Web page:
Over the past decade, the airline industry has had more than its fair share of problems, as commercial airliners have posted $58.5 billion in combined losses, while slashing nearly 200,000 jobs. Interestingly, the industry as a whole has returned nearly 15 percent in 2012, outpacing all three major American indices. This growth in shareholder value has been attributed to a decreased cost structure, efficiency gains through various mergers, and an ongoing economic recovery in the U.S. Nonetheless, there are some clouds on the proverbial horizon, as rising fuel prices and fears of a deepening Eurozone crisis may cause investors to take their gains in the not-so-distant future.
In North America, the five major airliners in order of largest-to-smallest market caps are: Delta Air Lines (NYSE: DAL), United Continental (NYSE: UAL), Southwest Airlines (NYSE: LUV), US Airways (NYSE: LCC), and JetBlue Airways (NASDAQ: JBLU). Investors holding these five stocks in their portfolios have been flying high this past month, as each has returned an average of 18.1 percent. American Airlines, a subsidiary of AMR Corporation (OTC: AAMRQ.PK), is not included in this list, as it is still wading through an ongoing bankruptcy. While diversification is always the best strategy for longer-term investors, it may be wise for those with shorter time horizons to consider each of these five airliners separately, as there are a few fundamental differences that arise. Additionally, hedge funds have differing sentiment on these stocks, and it’s never the worst strategy to ape the world’s most successful money managers – assuming background analysis is performed too.
Looking at the top-line, these five companies have mixed results, as 3-year average revenue growth rates are as follows: UAL (22.5%), DAL (15.7%), LUV (12.4%), JBLU (10.0%), and LCC (2.5%). In total, revenues eclipsed $105.45 billion in 2011, with United and Delta accounting for 7 out of every 10 dollars in these five companies’ pockets. In this case, it is modestly surprising that the two fastest growing airliners also are the largest. Companies with this combination of growth and sheer size are typically good investments to consider, though further evaluation is necessary.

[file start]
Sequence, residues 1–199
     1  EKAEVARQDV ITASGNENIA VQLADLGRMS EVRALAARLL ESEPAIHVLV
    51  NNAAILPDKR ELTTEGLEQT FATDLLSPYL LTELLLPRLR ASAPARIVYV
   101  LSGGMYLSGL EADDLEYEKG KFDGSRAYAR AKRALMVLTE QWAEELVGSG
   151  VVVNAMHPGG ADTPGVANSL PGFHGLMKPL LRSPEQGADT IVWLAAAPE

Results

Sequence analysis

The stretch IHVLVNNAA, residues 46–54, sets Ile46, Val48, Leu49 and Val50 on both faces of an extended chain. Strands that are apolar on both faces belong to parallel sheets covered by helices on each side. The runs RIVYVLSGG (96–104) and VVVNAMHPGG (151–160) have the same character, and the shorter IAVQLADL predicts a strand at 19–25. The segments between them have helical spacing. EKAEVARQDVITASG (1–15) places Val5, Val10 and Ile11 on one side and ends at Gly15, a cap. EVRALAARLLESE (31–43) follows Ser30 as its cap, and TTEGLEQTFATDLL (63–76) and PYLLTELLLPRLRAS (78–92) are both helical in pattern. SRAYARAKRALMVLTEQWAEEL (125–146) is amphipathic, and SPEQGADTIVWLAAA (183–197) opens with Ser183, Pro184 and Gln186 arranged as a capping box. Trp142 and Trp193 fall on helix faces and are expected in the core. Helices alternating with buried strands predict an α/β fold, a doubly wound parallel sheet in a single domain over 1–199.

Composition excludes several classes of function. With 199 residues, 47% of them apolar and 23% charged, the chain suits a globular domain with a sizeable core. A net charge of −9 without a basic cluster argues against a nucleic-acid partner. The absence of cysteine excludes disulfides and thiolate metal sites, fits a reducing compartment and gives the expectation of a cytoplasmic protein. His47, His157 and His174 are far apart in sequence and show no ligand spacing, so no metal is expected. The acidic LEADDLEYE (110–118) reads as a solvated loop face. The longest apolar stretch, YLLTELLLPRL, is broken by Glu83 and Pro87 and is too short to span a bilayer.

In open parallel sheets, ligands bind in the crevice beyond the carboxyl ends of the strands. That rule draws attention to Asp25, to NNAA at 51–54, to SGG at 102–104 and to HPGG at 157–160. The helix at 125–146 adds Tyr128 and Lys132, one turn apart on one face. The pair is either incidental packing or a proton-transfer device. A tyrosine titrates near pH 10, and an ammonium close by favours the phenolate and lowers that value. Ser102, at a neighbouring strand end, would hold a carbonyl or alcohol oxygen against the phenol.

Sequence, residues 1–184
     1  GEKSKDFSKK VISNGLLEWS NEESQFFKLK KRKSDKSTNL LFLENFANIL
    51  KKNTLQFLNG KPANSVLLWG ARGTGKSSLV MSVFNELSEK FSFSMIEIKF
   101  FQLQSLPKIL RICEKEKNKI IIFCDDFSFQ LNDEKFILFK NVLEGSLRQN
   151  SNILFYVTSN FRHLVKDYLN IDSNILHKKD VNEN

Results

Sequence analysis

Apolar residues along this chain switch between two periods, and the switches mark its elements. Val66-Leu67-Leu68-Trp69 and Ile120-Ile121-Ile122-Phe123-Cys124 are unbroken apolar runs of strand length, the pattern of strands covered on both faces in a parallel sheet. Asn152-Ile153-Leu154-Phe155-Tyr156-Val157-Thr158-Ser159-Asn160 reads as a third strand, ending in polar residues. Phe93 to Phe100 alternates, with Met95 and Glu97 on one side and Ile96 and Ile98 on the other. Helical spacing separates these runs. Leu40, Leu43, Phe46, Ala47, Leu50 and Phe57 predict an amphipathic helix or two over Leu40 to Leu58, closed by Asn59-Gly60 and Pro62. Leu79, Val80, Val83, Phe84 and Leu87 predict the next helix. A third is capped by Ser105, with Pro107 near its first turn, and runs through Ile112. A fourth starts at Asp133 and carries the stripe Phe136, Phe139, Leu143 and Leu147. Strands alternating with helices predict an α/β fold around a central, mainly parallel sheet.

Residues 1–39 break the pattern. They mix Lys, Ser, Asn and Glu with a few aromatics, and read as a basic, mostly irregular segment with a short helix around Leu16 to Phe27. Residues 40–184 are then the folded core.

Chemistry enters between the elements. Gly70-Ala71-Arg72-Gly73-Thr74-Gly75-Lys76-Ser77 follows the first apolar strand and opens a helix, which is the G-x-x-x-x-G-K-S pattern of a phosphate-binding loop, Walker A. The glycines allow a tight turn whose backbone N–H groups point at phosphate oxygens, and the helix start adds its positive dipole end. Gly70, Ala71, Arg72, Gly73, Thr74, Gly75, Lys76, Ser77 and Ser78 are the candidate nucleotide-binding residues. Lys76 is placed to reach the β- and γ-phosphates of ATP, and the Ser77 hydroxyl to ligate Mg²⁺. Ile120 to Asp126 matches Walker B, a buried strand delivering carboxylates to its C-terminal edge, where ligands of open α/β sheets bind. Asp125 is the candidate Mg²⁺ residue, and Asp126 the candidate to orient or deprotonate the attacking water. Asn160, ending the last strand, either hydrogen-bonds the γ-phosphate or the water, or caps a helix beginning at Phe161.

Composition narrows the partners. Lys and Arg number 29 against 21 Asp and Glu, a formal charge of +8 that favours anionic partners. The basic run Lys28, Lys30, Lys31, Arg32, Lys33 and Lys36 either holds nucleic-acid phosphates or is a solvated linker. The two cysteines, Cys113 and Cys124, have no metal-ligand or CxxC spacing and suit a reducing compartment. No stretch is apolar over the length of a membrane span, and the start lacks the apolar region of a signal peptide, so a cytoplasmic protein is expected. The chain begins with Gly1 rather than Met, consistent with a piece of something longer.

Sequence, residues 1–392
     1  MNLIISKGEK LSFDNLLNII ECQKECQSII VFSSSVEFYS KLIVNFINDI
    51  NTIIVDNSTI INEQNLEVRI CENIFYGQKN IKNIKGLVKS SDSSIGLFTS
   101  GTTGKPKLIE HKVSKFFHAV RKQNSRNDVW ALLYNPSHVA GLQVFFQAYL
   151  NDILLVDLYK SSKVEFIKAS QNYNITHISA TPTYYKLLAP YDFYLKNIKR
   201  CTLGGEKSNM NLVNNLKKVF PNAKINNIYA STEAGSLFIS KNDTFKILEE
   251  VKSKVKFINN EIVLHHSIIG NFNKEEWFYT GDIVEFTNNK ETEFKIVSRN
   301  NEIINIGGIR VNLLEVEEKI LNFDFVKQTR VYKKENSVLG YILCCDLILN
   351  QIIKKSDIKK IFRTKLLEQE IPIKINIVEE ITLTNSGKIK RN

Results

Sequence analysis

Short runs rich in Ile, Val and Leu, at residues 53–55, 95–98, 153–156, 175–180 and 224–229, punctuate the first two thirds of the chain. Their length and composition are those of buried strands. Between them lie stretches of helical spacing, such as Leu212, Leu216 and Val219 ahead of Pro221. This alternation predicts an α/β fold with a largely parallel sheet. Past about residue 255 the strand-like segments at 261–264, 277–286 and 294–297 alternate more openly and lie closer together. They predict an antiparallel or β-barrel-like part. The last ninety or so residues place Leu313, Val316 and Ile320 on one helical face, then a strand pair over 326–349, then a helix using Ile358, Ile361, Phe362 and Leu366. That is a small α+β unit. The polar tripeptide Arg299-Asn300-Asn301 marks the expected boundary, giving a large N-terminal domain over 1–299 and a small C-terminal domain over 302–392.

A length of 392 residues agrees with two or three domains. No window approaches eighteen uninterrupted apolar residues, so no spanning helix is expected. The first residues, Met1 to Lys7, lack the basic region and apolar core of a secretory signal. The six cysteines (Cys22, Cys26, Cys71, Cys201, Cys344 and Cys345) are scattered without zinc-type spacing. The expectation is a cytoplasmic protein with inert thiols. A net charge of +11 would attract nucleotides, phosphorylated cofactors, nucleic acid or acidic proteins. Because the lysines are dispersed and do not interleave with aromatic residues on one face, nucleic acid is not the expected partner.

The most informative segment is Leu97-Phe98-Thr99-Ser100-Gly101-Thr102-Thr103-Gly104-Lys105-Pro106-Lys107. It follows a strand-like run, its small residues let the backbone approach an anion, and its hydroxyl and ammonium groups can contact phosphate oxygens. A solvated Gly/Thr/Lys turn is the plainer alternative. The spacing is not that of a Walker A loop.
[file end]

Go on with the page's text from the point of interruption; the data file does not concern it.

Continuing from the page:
In terms of earnings per share figures, both United and Delta finished 2011 with EPS’s of $2.26 and $1.01 respectively. In comparison to LUV (0.23), JBLU (0.28), and LCC (0.44), these figures are solid. More importantly, however, it’s essential to see how investors are valuing these earnings through use of the P/E ratio. In UAL’s case, an earnings multiple of 15.1X signals that the company is slightly overvalued in comparison to the industry average (14.5X) and DAL (7.2X). In fact, DAL is the most undervalued airliner out of the five mentioned above – its P/E is also below LUV (23.3X), JBLU (15.1X), and LCC (8.2X). Supporting this claim, forward P/E ratios tell a similar story. With a forward P/E of 4.2X, Delta’s future earnings are valued at a lower rate than all but those of LCC (4.1X).
In terms of cash flows, it looks like Delta might be in the best position yet again, as its current operating cash flow of $2.8 billion dollars is second-to-none, while its free cash flow of $1.6 billion is almost on par with United. In recent weeks, it has been speculated that DAL is the frontrunner to acquire the bankrupt American Airlines – a move that would build on the company’s 2010 acquisition of Northwest, which gave DAL possession of the largest commercial fleet in the world. Using the P/CF ratio, DAL’s enormous cash hoard looks undervalued at the moment, as its current cash flow multiple of 3.3X is below the industry average of 4.5X. Surprisingly, this is also lower than UAL (6.1X), LUV (3.8X), and LCC (3.6X) despite DAL’s aforementioned advantages.
Thus, it seems that Delta may be the best airline stock to buy at the moment – a conclusion that is supported when looking at hedge fund activity. As of the end of last year, 41 hedge funds held long positions in DAL, compared to just 33 for UAL, and less than 30 for LUV, JBLU, and LCC each. The most prominent fund managers holding DAL are the duo of Paul Reeder and Edward Shapiro, Ken Heebner, John Griffin, and Anand Parekh, all of whom have at least $2 billion in assets under management. Whether its Delta’s undervaluation, merger potential, or strong revenue growth, it may be wise to follow the hedge fund sentiment and take a long position with Delta Air Lines (DAL).